The vast majority of San Francisco’s street space is devoted primarily to moving and storing cars, and most of that curbside parking for private automobiles is given away for free. Most of the city’s street infrastructure is not paid for by fees related to driving, so it is disproportionately bankrolled by those who don’t drive, through general taxes. By any objective measure, the state of affairs on San Francisco’s streets is heavily tilted toward cars and designed to incur minimal personal cost to drivers.
At least, that goes for those of us here in the reality-based community. Then there’s the alternate reality espoused by one group, calling itself the “Free the Streets Coalition,” who believe the city’s streets are too unfriendly to cars. The “coalition” of undisclosed size has filed a ballot initiative with the city seeking to “restore transportation balance in San Francisco.” Chief among the group’s proposals is permanently enshrining existing free parking hours, prohibiting new parking meters except by petition, and encouraging the creation of new parking garages.
The group has only released the names of three organizers — Jason Clark, who ran on the Republican ticket for State Assembly in 2012; Claire Zvanski, the former president of the Health Service System Board; and David Looman, a political consultant.
These folks don’t see the SFMTA Board’s recent reversion of Sunday parking metering at the behest of Mayor Ed Lee as a sign of how motorist entitlement already holds sway at City Hall. Instead, they see the fact that the policy was instituted in the first place as a sign that motorists are a persecuted group. The status quo of free parking giveaways cannot be impinged upon — not even a bit.
“We hope to repeal Sunday parking meters forever, not just as a gimmick to encourage motorists to support higher taxes and fees this November and in future elections,” the group said in a sheet sent out to the media.
Free the Streets, they write, is “a group of passionate San Franciscans who want to ensure our streets are safe, well maintained, and efficient to use for everybody.” Here’s their definition of “transportation balance”:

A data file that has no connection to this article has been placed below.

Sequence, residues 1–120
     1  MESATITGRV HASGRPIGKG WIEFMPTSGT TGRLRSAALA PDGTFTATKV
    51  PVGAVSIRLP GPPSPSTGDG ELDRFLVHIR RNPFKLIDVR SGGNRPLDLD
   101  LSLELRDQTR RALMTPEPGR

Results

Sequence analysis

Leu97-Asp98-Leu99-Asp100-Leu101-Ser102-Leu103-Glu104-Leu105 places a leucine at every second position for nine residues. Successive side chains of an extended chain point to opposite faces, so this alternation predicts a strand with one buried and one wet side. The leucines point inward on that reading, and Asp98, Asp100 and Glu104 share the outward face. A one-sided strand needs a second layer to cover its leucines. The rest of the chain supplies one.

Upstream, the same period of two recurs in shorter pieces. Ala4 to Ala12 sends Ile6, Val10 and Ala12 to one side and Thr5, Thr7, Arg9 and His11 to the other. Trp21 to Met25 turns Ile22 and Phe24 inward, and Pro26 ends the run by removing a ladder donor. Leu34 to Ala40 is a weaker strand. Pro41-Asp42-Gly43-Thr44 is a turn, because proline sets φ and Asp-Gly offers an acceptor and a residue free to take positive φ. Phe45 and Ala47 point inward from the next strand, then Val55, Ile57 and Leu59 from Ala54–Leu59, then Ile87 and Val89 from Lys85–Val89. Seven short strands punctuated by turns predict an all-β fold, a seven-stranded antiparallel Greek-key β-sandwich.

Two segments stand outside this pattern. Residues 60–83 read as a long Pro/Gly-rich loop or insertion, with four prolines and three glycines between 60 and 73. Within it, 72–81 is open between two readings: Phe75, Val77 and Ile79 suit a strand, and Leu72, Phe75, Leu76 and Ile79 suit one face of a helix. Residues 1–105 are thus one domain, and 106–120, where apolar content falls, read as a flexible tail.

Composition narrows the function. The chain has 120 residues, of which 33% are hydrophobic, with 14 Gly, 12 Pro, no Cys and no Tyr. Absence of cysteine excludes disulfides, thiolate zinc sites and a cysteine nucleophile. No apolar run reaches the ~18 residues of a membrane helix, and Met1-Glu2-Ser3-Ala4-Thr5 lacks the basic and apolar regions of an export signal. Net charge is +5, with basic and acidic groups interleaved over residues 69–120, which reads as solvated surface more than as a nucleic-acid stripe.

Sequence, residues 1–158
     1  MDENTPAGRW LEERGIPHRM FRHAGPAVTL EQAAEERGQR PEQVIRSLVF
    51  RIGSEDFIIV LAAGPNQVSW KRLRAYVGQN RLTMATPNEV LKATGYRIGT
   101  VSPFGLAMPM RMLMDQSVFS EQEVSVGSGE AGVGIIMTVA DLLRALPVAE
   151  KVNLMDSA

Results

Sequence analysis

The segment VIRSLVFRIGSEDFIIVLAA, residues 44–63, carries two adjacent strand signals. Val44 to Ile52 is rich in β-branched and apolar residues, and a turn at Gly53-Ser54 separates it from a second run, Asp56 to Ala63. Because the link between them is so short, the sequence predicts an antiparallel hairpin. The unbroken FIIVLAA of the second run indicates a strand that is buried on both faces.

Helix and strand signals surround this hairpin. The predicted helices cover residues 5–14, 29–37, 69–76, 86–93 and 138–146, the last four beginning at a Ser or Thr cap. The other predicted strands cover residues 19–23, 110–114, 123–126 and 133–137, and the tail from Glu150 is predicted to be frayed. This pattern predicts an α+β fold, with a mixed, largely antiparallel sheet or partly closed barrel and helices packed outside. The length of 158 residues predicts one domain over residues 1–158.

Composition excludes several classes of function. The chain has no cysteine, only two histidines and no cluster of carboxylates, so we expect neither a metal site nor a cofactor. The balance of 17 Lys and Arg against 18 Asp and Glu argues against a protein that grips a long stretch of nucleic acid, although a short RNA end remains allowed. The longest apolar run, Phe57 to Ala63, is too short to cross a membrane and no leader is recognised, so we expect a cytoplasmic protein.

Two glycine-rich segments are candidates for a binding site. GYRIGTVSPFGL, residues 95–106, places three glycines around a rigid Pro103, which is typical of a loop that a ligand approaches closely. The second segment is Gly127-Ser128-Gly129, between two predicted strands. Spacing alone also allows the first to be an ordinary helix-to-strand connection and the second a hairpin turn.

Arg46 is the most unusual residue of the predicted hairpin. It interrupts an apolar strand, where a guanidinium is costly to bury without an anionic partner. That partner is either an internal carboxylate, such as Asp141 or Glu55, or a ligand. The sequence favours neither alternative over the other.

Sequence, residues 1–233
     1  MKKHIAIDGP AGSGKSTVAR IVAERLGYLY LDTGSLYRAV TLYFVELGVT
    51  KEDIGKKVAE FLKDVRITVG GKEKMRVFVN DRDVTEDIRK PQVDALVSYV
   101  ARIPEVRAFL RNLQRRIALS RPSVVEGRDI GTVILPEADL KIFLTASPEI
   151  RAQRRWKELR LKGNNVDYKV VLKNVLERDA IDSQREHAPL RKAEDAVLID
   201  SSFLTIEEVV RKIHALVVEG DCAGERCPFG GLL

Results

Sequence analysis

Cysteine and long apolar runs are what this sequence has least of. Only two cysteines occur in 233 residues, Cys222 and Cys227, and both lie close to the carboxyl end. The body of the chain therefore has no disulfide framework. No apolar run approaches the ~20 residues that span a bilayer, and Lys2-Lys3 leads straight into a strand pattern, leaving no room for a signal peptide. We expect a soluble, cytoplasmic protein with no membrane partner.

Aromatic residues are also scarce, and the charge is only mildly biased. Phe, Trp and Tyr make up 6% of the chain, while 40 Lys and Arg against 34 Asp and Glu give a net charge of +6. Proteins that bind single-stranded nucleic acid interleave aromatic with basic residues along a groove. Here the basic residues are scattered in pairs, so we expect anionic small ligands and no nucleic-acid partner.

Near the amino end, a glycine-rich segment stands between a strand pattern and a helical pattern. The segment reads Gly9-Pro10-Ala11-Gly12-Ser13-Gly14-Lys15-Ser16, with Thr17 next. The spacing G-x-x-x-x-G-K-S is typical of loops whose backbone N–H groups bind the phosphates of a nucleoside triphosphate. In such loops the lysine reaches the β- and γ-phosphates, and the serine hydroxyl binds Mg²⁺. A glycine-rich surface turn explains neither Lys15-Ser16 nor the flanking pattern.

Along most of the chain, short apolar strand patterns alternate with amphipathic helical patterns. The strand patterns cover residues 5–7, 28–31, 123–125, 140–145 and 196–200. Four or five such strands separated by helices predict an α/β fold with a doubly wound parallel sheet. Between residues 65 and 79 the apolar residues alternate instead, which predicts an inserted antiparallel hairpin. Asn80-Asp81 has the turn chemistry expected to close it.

We achieve transportation balance when pedestrians, bicyclists, drivers and transit riders all can share the roads safely and efficiently. When a parent with small children is able to drive to the store, park nearby, and get their shopping done with a minimum of hassle. When commuters are able to board a Muni train, street car, or bus and know it will get them to their destination on time. When pedestrians know if they follow the signals they will be safe crossing an intersection. When bicyclists are able to navigate our streets in a way that gets them to their destination quickly and safely. When disabled individuals don’t have to leave two hours before a doctor’s appointment because they cannot rely on Muni to get them there or are concerned there will not be a parking space close enough to the office.
Well that all sounds good. So does free ice cream for everybody. But what does this vision have to do with free and abundant car parking? Keeping curbside parking free or underpriced just makes it harder for people who are driving to find an open spot, which leads drivers to circle around distractedly in search of a spot, creating congestion that impedes transit and other drivers. And adding more garages just means there’s less space for useful human habitat — things like housing, stores, and workplaces. In the real world, this makes it harder to walk and bike places, while generating more car traffic that clogs the streets and slows down everybody — including people who drive.
But in the world this group inhabits, it’s as if most of the 20th century in San Francisco wasn’t marked by a massive re-allocation of space to automobiles, leaving the legacy of slow transit and dangerous streets that we’re still living with today. And what of the barely-implemented Transit-First Policy, approved by the Board of Supervisors in 1973 and re-affirmed by voters in 1999 with the addition of pedestrians and bicyclists? Free the Streets acknowledges the policy, but says it “has morphed into one that favors only public transportation and bicycles.”
The group would have to collect 9,702 valid signatures by July 7 for their initiative to qualify for the ballot this November. “We anticipate surpassing that number,” they said.